The young carers who are punished by schools


Young carers are often punished for poor attendance, punctuality or behaviour by school staff who do not know about or understand their personal circumstances.

A report from the charity Family Action has called for a greater understanding of the home circumstances that often affect a young carer’s school performance.

There are 175,000 young carers in the UK with 13,000 of these caring for more than 50 hours a week. A young carer is a young person aged between five and 24 who cares for a parent or sibling with a physical or mental health difficulty or a parent with substance misuse.

Fifty five per cent of the young carers interviewed for the report said they were caring between 10 and 15 hours a week, with 35 per cent caring for more than 20 hours. The majority were in secondary school and 74 per cent were on free school meals. The report, Be Bothered! Making school count for young carers, says that many do not feel supported in schools.

Young carers can often be late to school or absent if they have to take the person they care for to hospital. The also suffer from problems with tiredness, behaviour and poor concentration, often leading them to be unfairly punished by teachers who are unaware of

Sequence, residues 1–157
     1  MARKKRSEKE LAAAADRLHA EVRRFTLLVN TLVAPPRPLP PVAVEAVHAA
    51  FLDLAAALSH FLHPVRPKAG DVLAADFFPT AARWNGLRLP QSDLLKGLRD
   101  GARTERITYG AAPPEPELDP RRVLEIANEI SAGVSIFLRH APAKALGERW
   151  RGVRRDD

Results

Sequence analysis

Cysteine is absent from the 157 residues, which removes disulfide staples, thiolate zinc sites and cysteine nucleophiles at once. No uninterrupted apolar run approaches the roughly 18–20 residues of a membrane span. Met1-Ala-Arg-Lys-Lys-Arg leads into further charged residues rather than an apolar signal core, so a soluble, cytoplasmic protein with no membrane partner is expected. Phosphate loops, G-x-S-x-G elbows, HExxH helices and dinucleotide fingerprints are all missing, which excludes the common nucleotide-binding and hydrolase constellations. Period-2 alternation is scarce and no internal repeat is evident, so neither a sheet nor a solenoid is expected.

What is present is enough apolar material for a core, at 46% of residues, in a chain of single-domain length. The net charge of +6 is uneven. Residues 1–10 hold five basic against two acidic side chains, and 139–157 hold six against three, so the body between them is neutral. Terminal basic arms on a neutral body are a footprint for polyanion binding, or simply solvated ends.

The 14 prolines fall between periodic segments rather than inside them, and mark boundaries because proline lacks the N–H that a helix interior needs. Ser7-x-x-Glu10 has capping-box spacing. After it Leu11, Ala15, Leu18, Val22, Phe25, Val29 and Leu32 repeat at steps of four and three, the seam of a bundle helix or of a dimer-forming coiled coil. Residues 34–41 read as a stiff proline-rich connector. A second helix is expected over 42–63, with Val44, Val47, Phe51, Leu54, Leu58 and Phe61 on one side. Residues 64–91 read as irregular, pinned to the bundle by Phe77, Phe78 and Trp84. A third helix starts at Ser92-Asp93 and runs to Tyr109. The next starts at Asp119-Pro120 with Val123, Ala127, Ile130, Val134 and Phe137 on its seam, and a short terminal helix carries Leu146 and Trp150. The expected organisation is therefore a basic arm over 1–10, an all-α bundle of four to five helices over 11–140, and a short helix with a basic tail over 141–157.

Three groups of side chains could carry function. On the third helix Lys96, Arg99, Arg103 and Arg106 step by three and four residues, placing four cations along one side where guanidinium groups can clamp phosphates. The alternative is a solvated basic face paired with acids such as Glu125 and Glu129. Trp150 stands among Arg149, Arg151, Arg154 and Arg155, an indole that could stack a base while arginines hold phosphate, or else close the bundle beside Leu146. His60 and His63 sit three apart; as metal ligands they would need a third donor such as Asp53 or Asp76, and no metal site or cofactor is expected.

the situation.

More than half of the young carers involved in the study had missed school with 60 per cent saying they had problems with punctuality. They can also display poor behaviour because of a knock on effect from problems at home.

Young carers are also more likely to be NEET – not in education, employment or training – the report said. It quotes existing research showing that 27 per cent of secondary-aged young carers experience educational difficulties or miss school, while this figure rises to 40 per cent when the pupils are caring for someone who misuses drugs or alcohol.

The report found that 72 per cent of teachers did not know how many young carers were in their school.

It recommends that schools work with local young carers services to raise awareness of those students who are affected. It also wants to see the Pupil Premium used to help support these young people and is calling for a clause in the forthcoming Children and Families Bill to direct schools to “identify and assess” vulnerable pupils and provide support. It advises using student and parent questionnaires to help identify young carers and training for teachers to help them spot the signs.

Chief executive of Family Action, Helen Dent, said: “Young carers’ caring roles don’t stop at the school gate. It is vital that schools support this hidden group of vulnerable pupils.”

Download the full report at


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